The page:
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Why CHCs Should Care About Aging and Caregiving

Friday, May 20, 2016   (0 Comments)
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Why CHCs Should Care About Aging and Caregiving


by Tina Castañares, MD

Board member and former Medical Director/family physician

One Community Health, Hood River and The Dalles, Oregon

Convener, Aging in the Gorge Alliance / Alianza de la Tercera Edad



I’m aging, and so are you. 100% of our CHC patients are aging. Nearly all of us, along with our loved ones and families, will face advanced illness, disability, and the special challenges of the last months of life. Although most of us say we hope to be “healthy until we die” (a nice aspiration), only a tiny fraction of us will be quite so lucky. And we’ll need help. As former First Lady Roslyn Carter famously put it, “There are only four kinds of people in the world: those who have been caregivers, those who are currently caregivers, those who will be caregivers, and those who will need a caregiver.”


But what does all this have to do with our health centers? After all, most of us have fewer than 10% Medicare patients in the “payer mix.”


Back to statistics: 100% of our current patients will reach Medicare age unless they die prematurely. (Whether they qualify for Medicare does depend on having legal immigration status, of course. That’s worth an article in itself.) Most of our current patients on Medicaid will then find themselves “dually eligible,” a beneficial situation overall, but complicated – confusing to enroll in, confusing to take full advantage of, confusing to providers, often outside the coordinated care organizations and alternative payment methodologies we’ve recently become familiar with.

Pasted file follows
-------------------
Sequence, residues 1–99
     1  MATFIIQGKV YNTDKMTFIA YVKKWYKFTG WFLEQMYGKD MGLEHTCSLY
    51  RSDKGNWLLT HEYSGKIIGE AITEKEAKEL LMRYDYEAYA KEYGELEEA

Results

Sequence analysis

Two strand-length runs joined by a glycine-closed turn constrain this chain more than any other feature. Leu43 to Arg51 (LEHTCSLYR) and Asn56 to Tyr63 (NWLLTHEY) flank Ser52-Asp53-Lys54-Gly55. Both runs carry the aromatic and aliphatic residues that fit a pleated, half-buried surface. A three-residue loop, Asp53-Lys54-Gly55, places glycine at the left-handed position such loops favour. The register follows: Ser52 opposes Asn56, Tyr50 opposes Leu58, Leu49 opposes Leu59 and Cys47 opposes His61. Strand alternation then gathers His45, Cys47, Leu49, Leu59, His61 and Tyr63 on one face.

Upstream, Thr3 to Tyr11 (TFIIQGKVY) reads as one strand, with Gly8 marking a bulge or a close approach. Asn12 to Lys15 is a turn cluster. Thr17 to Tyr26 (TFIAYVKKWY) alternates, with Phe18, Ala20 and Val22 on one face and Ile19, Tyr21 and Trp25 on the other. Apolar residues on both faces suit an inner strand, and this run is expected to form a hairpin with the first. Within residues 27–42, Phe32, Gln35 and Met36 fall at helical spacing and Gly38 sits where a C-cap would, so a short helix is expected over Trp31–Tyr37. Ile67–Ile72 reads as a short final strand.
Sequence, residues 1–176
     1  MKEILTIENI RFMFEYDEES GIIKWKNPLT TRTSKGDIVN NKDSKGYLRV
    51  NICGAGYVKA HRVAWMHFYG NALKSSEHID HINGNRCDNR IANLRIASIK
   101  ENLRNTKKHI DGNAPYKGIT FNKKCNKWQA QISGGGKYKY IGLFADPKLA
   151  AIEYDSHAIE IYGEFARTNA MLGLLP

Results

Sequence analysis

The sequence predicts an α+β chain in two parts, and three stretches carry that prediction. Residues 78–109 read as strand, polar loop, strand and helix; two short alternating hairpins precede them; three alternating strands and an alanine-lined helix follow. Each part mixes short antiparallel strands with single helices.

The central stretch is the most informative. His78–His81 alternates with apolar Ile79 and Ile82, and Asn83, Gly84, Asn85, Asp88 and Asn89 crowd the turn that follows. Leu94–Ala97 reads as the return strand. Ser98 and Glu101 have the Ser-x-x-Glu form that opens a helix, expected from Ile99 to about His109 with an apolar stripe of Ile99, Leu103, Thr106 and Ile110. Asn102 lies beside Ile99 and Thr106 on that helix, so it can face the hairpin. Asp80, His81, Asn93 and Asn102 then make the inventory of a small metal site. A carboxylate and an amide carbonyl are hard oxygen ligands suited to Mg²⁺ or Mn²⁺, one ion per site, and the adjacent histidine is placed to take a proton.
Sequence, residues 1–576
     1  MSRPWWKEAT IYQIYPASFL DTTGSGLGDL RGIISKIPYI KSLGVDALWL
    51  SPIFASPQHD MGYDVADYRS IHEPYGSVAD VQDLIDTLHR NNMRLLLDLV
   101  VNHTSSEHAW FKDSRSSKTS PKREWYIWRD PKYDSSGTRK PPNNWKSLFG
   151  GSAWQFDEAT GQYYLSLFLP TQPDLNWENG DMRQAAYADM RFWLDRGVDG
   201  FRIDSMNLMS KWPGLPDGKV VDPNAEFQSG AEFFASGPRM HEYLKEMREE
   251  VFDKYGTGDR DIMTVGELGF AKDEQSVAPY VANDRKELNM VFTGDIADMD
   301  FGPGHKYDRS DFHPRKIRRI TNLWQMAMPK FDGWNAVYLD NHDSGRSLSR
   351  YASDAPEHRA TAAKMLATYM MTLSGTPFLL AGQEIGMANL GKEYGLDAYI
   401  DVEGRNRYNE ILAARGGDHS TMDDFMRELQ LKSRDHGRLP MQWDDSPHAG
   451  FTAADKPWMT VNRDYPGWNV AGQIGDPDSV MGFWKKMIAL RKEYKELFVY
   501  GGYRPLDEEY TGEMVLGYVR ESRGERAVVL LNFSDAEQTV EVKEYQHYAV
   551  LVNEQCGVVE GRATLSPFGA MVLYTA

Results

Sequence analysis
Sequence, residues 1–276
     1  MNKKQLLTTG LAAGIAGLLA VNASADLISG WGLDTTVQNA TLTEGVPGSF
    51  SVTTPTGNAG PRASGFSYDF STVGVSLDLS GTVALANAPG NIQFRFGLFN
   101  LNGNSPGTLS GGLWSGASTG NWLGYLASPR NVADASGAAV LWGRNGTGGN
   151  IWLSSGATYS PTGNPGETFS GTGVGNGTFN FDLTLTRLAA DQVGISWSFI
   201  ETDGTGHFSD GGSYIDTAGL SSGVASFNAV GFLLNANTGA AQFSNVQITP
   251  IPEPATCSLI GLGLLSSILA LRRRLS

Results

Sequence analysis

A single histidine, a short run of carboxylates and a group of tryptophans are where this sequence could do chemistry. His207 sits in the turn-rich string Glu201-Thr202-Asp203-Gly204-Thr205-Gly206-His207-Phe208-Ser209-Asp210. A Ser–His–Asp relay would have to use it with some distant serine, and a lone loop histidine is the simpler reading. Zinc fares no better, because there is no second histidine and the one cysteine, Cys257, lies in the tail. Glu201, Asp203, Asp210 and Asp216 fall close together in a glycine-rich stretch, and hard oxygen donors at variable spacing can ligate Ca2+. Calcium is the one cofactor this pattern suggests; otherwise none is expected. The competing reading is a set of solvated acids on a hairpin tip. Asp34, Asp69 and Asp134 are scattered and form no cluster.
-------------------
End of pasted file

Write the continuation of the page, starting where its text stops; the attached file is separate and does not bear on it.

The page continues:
So count on our payer mix to change substantially, and quickly. On the day you read this, 10,000 people living in the USA are turning 65. That trend, launched in 2014, will continue for at least another 19 years. Imagine the impact of this “elder boom” on the phone lines and websites of Medicare and Social Security, every single day.


By 2030, 1 in 5 of us will be 65 or older. That’s a bigger demographic bulge than those under 14. The fastest growing age demographic in America is 85 years and older. The third fastest is 100 years and older. Within a generation, nearly three-quarters of a million people in our country will top 100 years old. Sooner than that, the group 85 and up will double today’s figures, exceeding 11 million. This is an unprecedented, profound societal change…and we aren’t yet ready for what it requires of us.


But wait: isn’t 80 the new 60? 60 the new 40? Unfortunately, that’s just a comforting Hollywood concept. For every 80 year old who might be windsurfing in my region, there are hundreds more of that age who are struggling -- usually physically, and often financially and socially as well.

More than two-thirds of people over 65 have at least two functional limitations or disabilities. Especially in rural areas, they may be socially isolated. They are at higher risk of crime, elder abuse, inadequate resources or navigation. There is insufficient affordable housing , transportation or caregiving options. In our CHCs, these elders may not be receiving expert geriatric care. Such expertise is quite variable, and isn’t well captured by our UDS and other reported measures. Specialized attention to elders and caregivers is in competition for our providers’ time and attention with all of our more ‘traditional’ services to younger adults and children.